Are lessons really necessary for beginners?

Discussion in 'Spey Clave' started by Wadecalvin, May 3, 2012.

  1. Wadecalvin Member

    Posts: 240
    Redmond Oregon
    Ratings: +11 / 0
    It depends on a number of factors imo...

    Can you do a roll cast?
    Do you want to cast well or just fish?
    Do you have time to teach yourself?
    Do you have time to practice a lot?
    Do you have friends that can help you?

    I think the biggest factors are time, and desire and focus if you want to teach yourself.

    I think casting is pretty strait forward and easy with modern lines, if you just want to fish. And if you can figure out the modern lines.

    There are many guys happily fishing along with good success who could benefit from some feedback for sure. Also, there are many really bad casters on a busy day on the river. I rarely see anybody who can cast very good at all.
  2. Panhandle Active Member

    Posts: 4,103
    Selkirk Mountains, Idaho Panhandle
    Ratings: +23 / 0
    Depends on how you learn. Some people are able to watch videos and carry that knowledge to the river. Not me, I'm a tangible learner....I need someone on my shoulder.
    JesseCFowl likes this.
  3. Dave Evans Active Member

    Posts: 531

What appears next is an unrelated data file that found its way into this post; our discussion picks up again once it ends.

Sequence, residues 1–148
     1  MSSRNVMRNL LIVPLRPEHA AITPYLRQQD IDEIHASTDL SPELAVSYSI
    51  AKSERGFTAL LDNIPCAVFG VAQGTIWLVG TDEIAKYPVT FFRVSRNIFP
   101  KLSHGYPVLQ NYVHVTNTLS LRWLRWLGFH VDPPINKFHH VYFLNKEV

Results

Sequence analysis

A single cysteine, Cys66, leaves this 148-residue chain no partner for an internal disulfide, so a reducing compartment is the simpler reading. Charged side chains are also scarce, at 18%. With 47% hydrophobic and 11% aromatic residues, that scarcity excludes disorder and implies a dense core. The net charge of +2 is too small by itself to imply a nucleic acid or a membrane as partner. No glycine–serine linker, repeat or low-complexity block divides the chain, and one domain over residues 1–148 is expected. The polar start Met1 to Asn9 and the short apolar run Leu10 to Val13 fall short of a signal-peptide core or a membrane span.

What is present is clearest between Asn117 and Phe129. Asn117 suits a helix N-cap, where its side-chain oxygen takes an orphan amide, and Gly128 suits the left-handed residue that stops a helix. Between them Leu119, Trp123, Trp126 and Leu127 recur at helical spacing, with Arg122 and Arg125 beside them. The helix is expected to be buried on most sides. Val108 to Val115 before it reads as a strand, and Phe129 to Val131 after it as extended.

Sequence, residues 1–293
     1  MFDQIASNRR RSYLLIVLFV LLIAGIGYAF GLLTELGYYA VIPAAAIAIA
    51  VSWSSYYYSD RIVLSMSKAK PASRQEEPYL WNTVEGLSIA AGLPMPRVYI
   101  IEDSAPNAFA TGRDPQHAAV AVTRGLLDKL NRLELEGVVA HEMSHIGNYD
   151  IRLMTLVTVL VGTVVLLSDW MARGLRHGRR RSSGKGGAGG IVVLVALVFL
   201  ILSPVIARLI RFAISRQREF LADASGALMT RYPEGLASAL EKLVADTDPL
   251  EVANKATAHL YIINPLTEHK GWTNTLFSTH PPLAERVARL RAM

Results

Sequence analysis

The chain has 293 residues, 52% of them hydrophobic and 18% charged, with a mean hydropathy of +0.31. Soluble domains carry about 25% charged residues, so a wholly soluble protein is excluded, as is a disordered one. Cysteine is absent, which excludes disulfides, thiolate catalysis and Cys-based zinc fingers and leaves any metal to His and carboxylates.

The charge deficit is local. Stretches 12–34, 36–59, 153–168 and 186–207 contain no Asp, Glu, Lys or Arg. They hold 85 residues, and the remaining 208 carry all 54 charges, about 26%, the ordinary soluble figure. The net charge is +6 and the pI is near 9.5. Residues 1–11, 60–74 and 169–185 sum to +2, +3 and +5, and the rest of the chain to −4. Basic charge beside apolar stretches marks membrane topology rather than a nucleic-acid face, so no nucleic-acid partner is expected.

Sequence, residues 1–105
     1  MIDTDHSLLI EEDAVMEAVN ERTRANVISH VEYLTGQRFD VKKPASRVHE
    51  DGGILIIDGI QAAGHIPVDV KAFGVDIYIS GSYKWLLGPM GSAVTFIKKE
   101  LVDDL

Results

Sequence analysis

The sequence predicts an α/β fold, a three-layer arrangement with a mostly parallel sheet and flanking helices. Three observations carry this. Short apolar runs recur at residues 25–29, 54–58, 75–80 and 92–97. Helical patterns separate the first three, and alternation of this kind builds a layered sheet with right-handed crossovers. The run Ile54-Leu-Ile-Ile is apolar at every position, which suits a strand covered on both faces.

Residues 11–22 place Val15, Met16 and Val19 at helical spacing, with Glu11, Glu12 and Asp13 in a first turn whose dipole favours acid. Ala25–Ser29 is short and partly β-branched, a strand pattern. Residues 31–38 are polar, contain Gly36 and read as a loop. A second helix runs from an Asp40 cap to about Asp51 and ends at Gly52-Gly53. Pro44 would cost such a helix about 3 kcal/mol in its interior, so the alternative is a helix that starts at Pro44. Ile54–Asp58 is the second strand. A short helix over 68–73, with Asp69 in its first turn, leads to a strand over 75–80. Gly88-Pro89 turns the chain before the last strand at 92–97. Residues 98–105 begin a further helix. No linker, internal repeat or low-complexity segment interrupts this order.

E. WA / N ID
    Ratings: +98 / 0
    I never had a lesson for single hand casting and after 20 years thought I was doing okay. Then a buddy who is a casting instructor filmed my cast for me and I could see that I needed some help. He worked with me for a few days and it was very hard to break the bad habits I had developed over time. Just working with him for a couple of afternoons increased my distance and accuracy. Lesson learned when I started spey casting. I bought the videos and books and was about a month into it on my own when I finally got a few lessons. I had already started in with bad habits and the lessons corrected those. I guess I am like Panhandle, I need someone there to point out what I am doing wrong. I always suggest lessons so you don't start out with bad habits, because my own experience is that they are hard to break.